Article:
• 20A. BREAKING STORY: “___: Large, crashing waves threaten cruise ship”
  • 26A. LEAKED FOOTAGE [“___ appears to show that the ship has been damaged”
  • 43A. [“Water is pouring into the ship! You can see it here ___” STREAMING LIVE
  • 51A.[“Changes in ocean conditions allowed the ship to return safely to port. Stay tuned for more ___”] CURRENT EVENTS

I always did enjoy Merl Reagle’s Sunday puzzles that delivered a story via the theme clues and entries, and this is a cute mini version of that.

Fave fill: “CIAO, BELLA!”, BONOBOS (a terrific ape cousin of ours), BIRD EGGS (hey possums, stop eating the birds’ eggs!), Ralph ELLISON, an IRIS SCAN.

I knew Artpop is the name of Lady Gaga album, but not that ART POP is a thing (44D. [Music genre related to glam rock]). Wikipedia’s list of ART POP artists is wildly broad.

Four stars from me. Have a short visit with the bonobos before you move on with your day!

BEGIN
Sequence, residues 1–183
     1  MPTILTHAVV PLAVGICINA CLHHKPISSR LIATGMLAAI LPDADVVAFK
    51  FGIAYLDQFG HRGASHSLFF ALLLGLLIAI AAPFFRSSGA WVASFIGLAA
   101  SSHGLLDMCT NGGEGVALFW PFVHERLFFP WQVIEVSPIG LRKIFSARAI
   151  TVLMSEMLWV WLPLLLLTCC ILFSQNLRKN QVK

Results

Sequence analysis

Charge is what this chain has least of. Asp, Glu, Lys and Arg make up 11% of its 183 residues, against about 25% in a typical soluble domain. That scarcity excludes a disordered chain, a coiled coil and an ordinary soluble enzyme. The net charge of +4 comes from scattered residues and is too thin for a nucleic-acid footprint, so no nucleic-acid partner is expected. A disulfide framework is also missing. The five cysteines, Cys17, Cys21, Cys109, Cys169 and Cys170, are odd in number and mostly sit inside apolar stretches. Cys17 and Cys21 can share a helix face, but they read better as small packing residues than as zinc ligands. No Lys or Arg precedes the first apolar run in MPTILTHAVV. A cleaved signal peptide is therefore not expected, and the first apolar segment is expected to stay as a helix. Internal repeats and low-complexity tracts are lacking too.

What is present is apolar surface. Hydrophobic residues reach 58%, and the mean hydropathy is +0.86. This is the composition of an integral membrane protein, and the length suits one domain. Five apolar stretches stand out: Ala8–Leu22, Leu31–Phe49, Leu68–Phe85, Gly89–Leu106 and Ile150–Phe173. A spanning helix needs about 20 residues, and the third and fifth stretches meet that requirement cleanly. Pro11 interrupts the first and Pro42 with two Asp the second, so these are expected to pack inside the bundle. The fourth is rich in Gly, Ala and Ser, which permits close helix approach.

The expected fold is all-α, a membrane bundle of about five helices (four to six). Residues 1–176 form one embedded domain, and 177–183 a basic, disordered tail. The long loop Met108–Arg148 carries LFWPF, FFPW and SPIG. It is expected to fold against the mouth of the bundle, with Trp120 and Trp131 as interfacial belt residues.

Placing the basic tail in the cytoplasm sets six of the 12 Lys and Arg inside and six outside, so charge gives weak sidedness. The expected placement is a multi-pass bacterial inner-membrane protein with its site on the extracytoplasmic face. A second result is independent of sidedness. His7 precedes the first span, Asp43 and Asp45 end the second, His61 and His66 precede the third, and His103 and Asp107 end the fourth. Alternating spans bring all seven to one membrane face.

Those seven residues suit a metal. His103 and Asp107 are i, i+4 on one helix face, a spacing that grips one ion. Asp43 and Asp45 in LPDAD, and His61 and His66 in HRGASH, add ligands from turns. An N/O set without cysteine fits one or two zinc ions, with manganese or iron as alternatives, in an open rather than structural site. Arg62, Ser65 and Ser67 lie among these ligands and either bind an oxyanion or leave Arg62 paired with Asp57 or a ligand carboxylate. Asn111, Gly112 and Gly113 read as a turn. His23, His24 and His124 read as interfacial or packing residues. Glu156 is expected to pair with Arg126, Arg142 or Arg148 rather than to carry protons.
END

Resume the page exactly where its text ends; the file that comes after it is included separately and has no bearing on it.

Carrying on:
Rebecca Goldstein’s Universal crossword, “Give It a Whirl” — pannonica’s précis

Universal • 6/7/23 • Wed • Goldstein • “Give It a Whirl” • solution • 20230607

Once again it’s Wednesday, and once again I am pressed for time in the morning.

  • 50aR [Twirling fad toy, and a hint to the word scrambled within 19-, 25- and 43-Across] FIDGET SPINNER.
  • 19a. [Small screen release?] LOW-BUDGET FILM.
  • 25a. [Homer Simpson Backs into Bushes and others] ANIMATED GIFS.
  • 43a. [Went from first to second, in a way] SHIFTED GEARS.

In each instance the anagrammed letters F-I-D-G-E-T span both words of the phrase.

  • 62a. [Chopping tool: Var.] AXE.

Aimee Lucido’s New Yorker crossword–Amy’s recap

New Yorker crossword solution, 6/7/23 – Lucido

Not sure if this was a good bit harder than the usual “lightly challenging” Wednesday, or if that’s my headache talking.

Fave fill: FART AROUND and STINKY FEET (you know who you are), DECOLONIZE, PIANO BAR, the lovely word OUTSHINES, ADOBO SAUCE (Mexican adobo sauce is quite different from Filipino adobo, though both feature vinegar), ROLLER RINK, AND THEN SOME, BIALY, SANTA CRUZ (their UC campus’s team name, of course, is the Banana Slugs). Less keen on BAAL, DEIS, EMER, SSR, DO IN, MOUES.

3.75 stars from me.

Juliana Tringali Golden’s AV Club Classic crossword, “The Stars Align”–Amy’s recap

AV Club crossword solution, 6 7 23, “The Stars Align”